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- Last Updated: April 25, 2020Based only on the April 10 Blackboard announcement/email. Sorry it’s taken a while to update this!
Dr. Ryan Safner
Office hours: MW 3:15–5:00PM
January 15–May 8, 2020
is one of the most common fields of applied microeconomics. It traditionally studies business firms and their relationship to the market–how they make economic decisions, how they are affected by government regulation, how they strategically interact with one another–and how these change in markets that are more or less competitive–monopoly, oligopoly, monopolistic competition, or perfect competition, often with a close connection to antitrust law. Industrial organization is a direct extension of microeconomics, and as such, the prerequisite for this course is ECON 206.
This course will be a hybrid of formal lecture, hands-on activities/games, and eadings-based class discussions, with exams and a writing writing assignment serving as the prime means of evaluation.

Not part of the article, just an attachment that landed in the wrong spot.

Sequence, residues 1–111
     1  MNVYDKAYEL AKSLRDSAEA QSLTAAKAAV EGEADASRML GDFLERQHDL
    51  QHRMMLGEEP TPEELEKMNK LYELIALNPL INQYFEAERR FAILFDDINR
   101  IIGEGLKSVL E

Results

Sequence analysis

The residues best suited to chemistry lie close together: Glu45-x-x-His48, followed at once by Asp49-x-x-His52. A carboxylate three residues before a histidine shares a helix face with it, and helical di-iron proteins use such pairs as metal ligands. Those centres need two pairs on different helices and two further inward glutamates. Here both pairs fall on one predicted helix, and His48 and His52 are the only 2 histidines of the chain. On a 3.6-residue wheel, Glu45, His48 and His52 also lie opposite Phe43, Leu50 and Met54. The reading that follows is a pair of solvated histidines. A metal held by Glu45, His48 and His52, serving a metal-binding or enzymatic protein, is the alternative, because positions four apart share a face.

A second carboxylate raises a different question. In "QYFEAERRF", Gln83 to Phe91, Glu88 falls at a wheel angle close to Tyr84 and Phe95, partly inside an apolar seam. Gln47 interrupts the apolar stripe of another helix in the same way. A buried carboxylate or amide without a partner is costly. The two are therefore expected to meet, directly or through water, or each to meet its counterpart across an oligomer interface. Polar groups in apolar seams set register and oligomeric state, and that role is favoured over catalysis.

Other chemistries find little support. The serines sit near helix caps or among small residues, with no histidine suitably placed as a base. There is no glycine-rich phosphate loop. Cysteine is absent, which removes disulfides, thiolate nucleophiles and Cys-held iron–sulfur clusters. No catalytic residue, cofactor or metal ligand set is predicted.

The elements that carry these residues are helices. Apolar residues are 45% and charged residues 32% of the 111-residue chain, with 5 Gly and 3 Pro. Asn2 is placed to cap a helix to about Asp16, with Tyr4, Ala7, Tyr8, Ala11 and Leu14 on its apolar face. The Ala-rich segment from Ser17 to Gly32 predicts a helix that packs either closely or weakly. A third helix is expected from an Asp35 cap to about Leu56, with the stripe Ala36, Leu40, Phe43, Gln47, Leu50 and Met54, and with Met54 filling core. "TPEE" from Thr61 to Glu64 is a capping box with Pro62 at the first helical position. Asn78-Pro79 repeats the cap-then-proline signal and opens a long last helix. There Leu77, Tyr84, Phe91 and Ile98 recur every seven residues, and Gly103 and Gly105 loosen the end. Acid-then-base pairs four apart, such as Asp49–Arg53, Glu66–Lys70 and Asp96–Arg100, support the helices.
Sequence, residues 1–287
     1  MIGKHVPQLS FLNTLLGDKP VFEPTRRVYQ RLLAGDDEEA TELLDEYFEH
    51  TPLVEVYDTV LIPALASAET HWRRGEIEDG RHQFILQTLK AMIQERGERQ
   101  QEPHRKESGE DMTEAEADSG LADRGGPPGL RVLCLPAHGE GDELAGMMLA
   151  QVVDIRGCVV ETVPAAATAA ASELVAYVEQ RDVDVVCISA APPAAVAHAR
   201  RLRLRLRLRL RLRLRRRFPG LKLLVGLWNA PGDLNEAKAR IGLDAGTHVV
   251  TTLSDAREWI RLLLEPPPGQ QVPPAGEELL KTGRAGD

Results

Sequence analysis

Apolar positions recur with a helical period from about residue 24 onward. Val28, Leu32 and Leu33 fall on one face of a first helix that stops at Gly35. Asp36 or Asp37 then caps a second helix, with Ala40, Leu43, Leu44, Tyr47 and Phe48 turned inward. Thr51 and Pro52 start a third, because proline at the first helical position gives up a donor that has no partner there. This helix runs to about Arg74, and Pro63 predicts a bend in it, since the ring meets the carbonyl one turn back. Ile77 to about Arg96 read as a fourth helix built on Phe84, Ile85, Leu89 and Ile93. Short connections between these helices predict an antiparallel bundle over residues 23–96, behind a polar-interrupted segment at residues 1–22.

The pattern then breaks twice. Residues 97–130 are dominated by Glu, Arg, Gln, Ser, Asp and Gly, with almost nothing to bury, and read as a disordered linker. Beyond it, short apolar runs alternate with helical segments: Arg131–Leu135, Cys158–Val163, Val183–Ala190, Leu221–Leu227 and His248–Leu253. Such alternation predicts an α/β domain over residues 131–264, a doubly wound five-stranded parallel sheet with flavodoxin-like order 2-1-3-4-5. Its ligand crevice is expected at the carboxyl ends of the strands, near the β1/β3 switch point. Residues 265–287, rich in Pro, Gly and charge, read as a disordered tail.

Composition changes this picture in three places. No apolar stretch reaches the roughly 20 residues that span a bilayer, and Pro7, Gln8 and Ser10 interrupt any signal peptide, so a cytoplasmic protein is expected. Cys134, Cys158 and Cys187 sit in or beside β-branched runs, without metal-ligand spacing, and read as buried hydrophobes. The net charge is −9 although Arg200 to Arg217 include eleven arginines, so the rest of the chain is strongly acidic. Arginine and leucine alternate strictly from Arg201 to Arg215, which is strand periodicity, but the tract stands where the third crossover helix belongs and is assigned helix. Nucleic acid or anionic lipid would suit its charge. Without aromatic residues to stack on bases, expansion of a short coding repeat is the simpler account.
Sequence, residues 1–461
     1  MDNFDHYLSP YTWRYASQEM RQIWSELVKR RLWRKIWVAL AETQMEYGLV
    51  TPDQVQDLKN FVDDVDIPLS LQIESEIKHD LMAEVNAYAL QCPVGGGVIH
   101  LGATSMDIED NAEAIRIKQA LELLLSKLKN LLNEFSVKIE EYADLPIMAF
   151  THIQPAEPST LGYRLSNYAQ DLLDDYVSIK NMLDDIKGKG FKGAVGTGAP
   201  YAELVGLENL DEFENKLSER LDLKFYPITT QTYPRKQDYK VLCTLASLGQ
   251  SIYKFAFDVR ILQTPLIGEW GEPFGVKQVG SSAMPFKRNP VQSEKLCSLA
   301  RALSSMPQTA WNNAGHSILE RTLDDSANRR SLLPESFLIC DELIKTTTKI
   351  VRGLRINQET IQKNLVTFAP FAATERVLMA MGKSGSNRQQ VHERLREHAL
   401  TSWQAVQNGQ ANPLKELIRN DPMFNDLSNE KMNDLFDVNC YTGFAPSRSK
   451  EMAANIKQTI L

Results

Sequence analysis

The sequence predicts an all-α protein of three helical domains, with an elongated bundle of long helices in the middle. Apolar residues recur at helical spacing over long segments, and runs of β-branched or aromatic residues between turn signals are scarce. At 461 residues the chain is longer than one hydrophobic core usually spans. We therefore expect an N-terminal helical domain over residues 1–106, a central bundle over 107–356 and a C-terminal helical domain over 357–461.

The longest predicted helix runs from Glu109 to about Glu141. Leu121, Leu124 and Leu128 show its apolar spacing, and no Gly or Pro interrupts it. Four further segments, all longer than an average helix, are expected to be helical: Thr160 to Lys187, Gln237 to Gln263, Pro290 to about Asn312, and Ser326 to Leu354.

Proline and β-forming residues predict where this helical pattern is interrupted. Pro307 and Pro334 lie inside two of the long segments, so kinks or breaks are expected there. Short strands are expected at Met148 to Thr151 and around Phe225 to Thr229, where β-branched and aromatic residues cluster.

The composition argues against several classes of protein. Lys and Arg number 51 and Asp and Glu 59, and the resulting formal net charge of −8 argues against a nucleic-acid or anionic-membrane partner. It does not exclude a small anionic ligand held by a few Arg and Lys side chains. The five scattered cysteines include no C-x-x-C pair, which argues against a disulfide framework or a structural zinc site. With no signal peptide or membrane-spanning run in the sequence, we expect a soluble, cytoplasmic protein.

Student Learning objectives
By the end of this course, you will:
- Understand key economic models of perfect competition, monopoly, monopolistic competition, oligopoly (Bertrand, Cournot, and Stackelberg competition), and contestable markets
- Apply models of competition to different industries and regulatory regimes
- Simulate strategic and game theoretic interactions and apply them to industry behavior
- Discuss how firms actually compete with one another
- Critique textbook models and theories of regulation and antitrust
- Understand the economic problems that firms solve, create, and grapple with
- Debate regulatory solutions to problems and current events in various industries